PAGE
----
Atxa White Vermouth (Spain; De Maison Selections, Chapel Hill, NC); $20, 91 points. With its light honey hue and sweet scent reminiscent of pears, honeysuckle and elderflower, this blanco vermouth is pleasingly sweet on the palate, layering citrus and toasty vanilla. Sip straight or enjoy in a spritz. Best Buy.

Red/Sweet Vermouth

Dopo Teatro Cocchi Vermouth Amaro  (Italy; Haus Alpenz, Edina, MN); $20/500 ml, 95 points. This silky, garnet-hued sipper features a double dose of bitter quinine, but don’t worry, it doesn’t read as especially bitter. It features an enticing spiced-cherry scent and a flavor that suggests cherry compote, with a violet lilt on the finish and just the right amount of bitter edge. Sip or mix. Best Buy.

Cinzano 1757 Vermouth Rosso (Italy; Campari America, San Francisco, CA); $30/1 L, 94 points. Pleasing enough to drink straight, this deep plum-hued vermouth features an oxidized scent that suggests raisins and dried figs. Rich and fruit-forward on the palate, the dried fruit flavor gives over to a relatively dry finish with bitter hints of grapefruit peel, gentian and dried herbs.

Vermut Lustau Rojo (Spain; Europvin USA, Van Nuys, CA); $22, 92 points. An interesting newcomer to the U.S. market, the base of this vermouth is rich, nutty Sherry—80% amontillado and 20% Pedro Ximenez, to be precise. It has a coffee-brown hue and a bright dried-herb scent. The palate wows with sticky toffee, dried apricot, orange peel and cocoa. Ideal for adding complexity to drinks featuring dark spirits.

Vya Vermouth Sweet (USA; Quady Winery, Madera, CA); $23, 90 points. Ideal for Negronis and other cocktails, this zesty vermouth has a honeyed sweetness, dried figs and sarsaparilla, plus a rounded finish with plenty of dried apricot, dried fig, Sherry and baking spice notes.

All About Aquavit

Aquavit

Brennivin Special Cask Selection (Iceland; Brennivin America, Jackson, WY); $50, 96 points. This limited-edition “winter aquavit” is finished in former Bourbon and oloroso Sherry casks. The end result is an excellent sipping spirit, exploding with vanilla and fresh pear sweetness. The finish is long and complex, with hints of banana, rye bread, baking spice and subtle smokiness.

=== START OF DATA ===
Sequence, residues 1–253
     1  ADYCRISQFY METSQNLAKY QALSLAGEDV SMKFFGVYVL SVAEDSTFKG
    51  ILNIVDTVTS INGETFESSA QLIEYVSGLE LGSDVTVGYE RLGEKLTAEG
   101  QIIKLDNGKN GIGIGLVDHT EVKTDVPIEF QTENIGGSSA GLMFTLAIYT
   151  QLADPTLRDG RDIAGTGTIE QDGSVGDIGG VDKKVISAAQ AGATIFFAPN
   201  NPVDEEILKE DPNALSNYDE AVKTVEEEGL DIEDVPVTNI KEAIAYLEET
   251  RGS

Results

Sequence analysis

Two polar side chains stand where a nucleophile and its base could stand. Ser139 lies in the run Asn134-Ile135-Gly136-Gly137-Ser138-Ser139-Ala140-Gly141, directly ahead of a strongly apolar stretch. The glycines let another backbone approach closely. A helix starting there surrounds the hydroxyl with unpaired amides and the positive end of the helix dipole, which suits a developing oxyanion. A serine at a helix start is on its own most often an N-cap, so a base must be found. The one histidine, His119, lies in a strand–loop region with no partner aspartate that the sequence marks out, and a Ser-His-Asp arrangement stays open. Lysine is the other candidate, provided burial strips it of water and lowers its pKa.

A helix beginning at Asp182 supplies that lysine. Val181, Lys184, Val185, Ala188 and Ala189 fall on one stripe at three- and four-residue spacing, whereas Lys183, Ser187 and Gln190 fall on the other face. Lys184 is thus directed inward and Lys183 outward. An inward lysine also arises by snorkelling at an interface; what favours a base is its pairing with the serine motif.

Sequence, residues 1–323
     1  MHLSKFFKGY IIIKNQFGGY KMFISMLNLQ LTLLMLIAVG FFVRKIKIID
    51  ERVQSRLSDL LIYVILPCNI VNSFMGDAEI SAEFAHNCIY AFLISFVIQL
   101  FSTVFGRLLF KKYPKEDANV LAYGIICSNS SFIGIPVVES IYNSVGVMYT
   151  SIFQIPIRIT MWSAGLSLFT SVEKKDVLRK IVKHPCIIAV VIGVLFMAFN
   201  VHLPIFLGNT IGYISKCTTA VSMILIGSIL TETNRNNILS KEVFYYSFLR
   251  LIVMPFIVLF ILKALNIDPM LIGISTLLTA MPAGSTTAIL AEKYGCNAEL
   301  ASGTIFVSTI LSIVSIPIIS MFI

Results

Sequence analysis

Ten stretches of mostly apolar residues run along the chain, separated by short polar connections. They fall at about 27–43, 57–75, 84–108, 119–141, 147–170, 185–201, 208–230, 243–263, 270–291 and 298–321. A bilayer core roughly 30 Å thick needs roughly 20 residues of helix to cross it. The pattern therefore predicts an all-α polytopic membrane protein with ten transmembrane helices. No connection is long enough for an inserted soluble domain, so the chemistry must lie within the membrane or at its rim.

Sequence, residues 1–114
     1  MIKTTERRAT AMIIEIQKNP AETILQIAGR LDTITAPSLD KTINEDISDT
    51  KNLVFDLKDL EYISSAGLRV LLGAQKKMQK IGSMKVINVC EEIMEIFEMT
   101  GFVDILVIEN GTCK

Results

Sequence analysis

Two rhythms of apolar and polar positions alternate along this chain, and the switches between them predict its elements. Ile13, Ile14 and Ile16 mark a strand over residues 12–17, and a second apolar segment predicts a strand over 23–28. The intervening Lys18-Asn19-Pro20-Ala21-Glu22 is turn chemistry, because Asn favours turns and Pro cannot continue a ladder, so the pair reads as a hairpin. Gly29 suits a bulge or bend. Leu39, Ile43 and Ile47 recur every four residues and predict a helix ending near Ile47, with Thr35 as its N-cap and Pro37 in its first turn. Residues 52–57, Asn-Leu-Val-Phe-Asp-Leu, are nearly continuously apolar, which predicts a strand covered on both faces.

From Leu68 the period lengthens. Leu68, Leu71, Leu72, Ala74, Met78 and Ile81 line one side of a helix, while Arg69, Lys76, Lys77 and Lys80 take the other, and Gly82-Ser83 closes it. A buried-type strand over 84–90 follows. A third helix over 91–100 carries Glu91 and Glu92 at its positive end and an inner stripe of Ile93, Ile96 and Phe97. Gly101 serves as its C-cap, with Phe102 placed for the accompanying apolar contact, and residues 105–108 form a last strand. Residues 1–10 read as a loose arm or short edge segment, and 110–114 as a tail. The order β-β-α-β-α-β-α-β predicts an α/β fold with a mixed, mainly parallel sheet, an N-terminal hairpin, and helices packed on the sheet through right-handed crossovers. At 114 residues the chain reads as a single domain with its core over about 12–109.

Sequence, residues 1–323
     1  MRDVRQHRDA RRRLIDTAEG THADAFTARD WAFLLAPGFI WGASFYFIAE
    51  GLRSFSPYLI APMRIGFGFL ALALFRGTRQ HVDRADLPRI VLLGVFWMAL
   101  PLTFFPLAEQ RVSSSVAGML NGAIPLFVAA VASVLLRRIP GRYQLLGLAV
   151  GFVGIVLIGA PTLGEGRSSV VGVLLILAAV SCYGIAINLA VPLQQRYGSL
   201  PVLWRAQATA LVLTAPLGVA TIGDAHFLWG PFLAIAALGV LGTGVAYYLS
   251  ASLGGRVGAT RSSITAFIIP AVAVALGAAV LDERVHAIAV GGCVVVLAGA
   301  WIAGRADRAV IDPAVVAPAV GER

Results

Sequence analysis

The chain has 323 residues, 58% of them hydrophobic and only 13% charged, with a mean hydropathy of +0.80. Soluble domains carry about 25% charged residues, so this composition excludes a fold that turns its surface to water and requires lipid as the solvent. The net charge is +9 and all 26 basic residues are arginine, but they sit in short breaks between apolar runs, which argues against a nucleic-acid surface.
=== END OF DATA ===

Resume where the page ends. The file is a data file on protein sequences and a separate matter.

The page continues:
Linie Aquavit (Norway; Sazerac, Metairie, LA); $30, 95 points. Stored in former Sherry casks, this aquavit famously takes a sea voyage across the world, sailing to Australia and back, crossing the equator or “linie” twice. The end result is a bright buttercup hue and mellow vanilla, spearmint, clove and oak tones, plus a silky butterscotch finish.

Aalborg Jubilaeums Akvavit (Denmark; Sazerac Company, Metairie, LA); $26, 94 points. This barrel-aged bottling tracks back to a 1946 launch, when it celebrated Aalborg’s 100-year jubilee, hence the name. The barrel time adds a bright gold hue and mild vanilla sweetness, but it’s still lively, with bracing mint and savory caraway layered on coriander and anise for a warming finish. Best Buy.

Krogstad Festlig Aquavit (USA; House Spirits Distillery, Portland, OR); $27, 93 points. This is big and bold, with plenty of anise, licorice and caraway on the nose and palate, plus hints of fennel, black pepper and cinnamon zing on the spicy, mouthwatering finish. Producer recommends for a “Norwegian Bloody Mary,” with tomato juice, lemon and spices. Best Buy.

Published on October 26, 2016
Topics: Spirits Ratings
About the Author
Kara Newman 
Spirits Editor

Kara Newman reviews spirits and writes about spirits and cocktail trends for Wine Enthusiast. She's the author of Shake.Stir.Sip.: 40 Effortless Cocktails Made In Equal Parts (Chronicle Books, 2016) as well as ROAD SODA: Recipes and techniques for making great cocktails, anywhere (Dovetail Press, 2017). Email: spirits@wineenthusiast.net